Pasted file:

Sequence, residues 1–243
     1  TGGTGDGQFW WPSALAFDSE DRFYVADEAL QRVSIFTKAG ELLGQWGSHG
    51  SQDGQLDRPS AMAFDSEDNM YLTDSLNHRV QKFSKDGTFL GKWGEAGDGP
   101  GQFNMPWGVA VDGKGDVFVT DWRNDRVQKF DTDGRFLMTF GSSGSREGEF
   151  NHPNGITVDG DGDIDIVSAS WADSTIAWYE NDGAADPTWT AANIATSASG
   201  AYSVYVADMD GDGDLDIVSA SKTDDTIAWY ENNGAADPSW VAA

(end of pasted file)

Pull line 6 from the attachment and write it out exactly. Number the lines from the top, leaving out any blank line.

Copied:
   201  AYSVYVADMD GDGDLDIVSA SKTDDTIAWY ENNGAADPSW VAA